“I put on Dave Brubeck music in the room and had everyone settle down. I was sitting next too him on his bed holding his left hand. Other people held my hand and formed a circle around and held hands. Until the doctor said he was going to call it. 1:40pm was the time of death.” – Chaz Ebert (Roger Ebert’s wife)
I was always fascintaed by Roger Ebert. Like Roger, I find myself drawn to movies. He said “I have probably seen 10,000 films and reviewed 6,000 of them. I hope I have forgotten most of them.” His point was that movies are an escape, good ones are rare and great ones are nearly an illusion.
I love films. I go to the movies by myself and watch some of my favorites over and over.
Jurassic Park is a movie I could watch every day. Roger, however could not. In 1993 he lamented that Jurassic Park was too quick to the punch, “if Spielberg had made ‘Close Encounters’ today, we would have seen the aliens in the first 10 minutes, and by the halfway mark they’d be attacking Manhattan with death rays.” But we were in different parts of our life. Roger had just married his wife, Chaz, whom would become his primary caretaker only 14 years after they wed. He wanted romance from Spielberg.
I, however, was 14. I loved dinosaurs and technology and computer animation and THIS was going to be the movie that delivered on all fronts. In fact, Jurassic Park became the highest grossing film of all time (up to that point). It has the reputation of giving Hollywood the go-ahead to use CGI in almost every major action film since. Before Jurassic Park, CGI was used to make explosions look bigger and present backdrops. Now, an entire flock of dinosaurs could leap off the screen and seem real.
I had just graduated my eighth grade year at St. Philips. Going on to high school was a scary adventure I was not sure how to prepare for. Jurassic Park was about a theme park of real dinosaurs in some place called Isla Nublar (Dark Island). The idea of a part of the world so different from myself – of a place where miracles happen and high adventures abound – captivated me. In fact, I think I will go see it tonight for $2.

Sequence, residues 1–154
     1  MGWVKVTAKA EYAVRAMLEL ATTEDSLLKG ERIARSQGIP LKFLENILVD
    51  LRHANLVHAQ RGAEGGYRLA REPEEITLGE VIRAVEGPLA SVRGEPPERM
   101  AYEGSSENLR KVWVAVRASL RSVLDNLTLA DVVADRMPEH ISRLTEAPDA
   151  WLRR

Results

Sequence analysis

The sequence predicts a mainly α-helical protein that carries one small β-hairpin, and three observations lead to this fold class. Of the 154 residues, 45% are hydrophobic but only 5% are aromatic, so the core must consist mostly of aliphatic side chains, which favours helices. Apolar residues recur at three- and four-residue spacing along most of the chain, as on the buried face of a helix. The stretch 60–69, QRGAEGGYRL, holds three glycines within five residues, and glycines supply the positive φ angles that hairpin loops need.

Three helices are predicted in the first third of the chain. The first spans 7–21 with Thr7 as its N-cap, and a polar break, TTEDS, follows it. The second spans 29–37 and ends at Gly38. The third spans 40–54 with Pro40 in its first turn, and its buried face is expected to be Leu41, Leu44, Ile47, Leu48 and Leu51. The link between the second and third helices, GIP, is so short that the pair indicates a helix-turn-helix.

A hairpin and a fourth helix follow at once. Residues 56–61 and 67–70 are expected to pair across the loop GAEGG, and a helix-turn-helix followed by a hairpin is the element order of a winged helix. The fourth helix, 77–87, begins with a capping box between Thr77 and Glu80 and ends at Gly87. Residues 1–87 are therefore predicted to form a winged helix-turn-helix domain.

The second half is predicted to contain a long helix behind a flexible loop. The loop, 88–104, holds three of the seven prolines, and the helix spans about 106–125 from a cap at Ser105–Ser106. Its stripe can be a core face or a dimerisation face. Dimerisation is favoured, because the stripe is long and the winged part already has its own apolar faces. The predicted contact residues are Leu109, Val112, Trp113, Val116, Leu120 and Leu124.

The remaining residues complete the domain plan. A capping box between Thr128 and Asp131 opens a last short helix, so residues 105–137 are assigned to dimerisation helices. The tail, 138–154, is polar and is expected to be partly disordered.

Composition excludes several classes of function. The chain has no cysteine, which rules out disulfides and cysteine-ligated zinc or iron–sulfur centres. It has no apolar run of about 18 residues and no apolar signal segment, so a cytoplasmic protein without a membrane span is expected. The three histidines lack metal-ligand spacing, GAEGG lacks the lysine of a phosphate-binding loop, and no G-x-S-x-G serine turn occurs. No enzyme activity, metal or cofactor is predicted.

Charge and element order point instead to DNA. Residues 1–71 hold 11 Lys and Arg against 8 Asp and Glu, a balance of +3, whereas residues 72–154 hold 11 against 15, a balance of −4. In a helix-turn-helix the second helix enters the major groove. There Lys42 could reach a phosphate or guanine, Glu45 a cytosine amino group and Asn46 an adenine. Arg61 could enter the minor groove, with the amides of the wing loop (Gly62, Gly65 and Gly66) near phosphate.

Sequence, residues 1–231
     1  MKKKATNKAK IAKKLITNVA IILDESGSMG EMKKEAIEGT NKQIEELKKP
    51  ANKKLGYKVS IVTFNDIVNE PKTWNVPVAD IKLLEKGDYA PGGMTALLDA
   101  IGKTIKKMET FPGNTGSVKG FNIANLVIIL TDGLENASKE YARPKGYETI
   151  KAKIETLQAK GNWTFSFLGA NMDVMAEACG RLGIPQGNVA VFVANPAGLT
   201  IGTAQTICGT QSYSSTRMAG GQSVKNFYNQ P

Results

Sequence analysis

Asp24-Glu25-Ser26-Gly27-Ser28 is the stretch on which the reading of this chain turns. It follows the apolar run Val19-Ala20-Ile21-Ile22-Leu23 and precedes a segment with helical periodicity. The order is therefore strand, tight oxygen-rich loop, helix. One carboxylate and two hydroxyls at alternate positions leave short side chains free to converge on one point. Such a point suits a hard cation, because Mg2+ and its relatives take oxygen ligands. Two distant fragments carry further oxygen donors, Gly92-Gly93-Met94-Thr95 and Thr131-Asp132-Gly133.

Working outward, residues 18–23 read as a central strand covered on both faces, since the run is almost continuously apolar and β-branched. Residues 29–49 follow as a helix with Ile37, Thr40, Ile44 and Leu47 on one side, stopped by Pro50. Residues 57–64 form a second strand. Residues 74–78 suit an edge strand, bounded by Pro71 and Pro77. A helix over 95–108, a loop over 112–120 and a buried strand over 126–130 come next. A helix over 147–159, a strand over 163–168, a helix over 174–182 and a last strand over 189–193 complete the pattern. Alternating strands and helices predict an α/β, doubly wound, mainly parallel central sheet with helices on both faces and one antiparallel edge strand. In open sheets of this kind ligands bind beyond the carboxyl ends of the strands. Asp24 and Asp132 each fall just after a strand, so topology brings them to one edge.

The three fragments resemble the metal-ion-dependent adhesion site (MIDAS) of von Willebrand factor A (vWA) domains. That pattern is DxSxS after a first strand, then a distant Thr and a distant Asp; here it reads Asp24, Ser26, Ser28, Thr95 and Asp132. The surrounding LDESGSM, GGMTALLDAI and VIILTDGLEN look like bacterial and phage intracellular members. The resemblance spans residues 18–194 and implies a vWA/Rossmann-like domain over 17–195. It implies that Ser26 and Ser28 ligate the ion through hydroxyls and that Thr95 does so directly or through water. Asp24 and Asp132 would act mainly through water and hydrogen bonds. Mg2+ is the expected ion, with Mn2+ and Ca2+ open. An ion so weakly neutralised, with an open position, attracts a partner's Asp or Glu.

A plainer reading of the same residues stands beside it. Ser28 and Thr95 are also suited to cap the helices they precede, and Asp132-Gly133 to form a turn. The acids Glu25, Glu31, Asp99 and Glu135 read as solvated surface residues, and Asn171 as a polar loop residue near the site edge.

Roger Ebert’s perspective was important and his legacy on film and television and newspapers is matchless. For me, his greatest quote about movies was this:
“We all are born with a certain package. We are who we are: where we were born, who we were born as, how we were raised. We’re kind of stuck inside that person, and the purpose of civilization and growth is to be able to reach out and empathize a little bit with other people. And for me, the movies are like a machine that generates empathy. It lets you understand a little bit more about different hopes, aspirations, dreams and fears. It helps us to identify with the people who are sharing this journey with us.”
As a 14 year-old with a limited understanding of the breadth of life experiences, I knew that Steven Spielberg had made that movie for me. In this movie, I learned about failure and the price of audacity in the face of great risk. I also learned about the triumph of the human spirit and altruism. AND, I got to see some pretty kick-ass dinosaurs with my dad and brothers. The whole time my father whispering into my ear “Do you know how they do that?” and “He wanted them to look like birds” and “I read about this scene – all CGI.” I love that.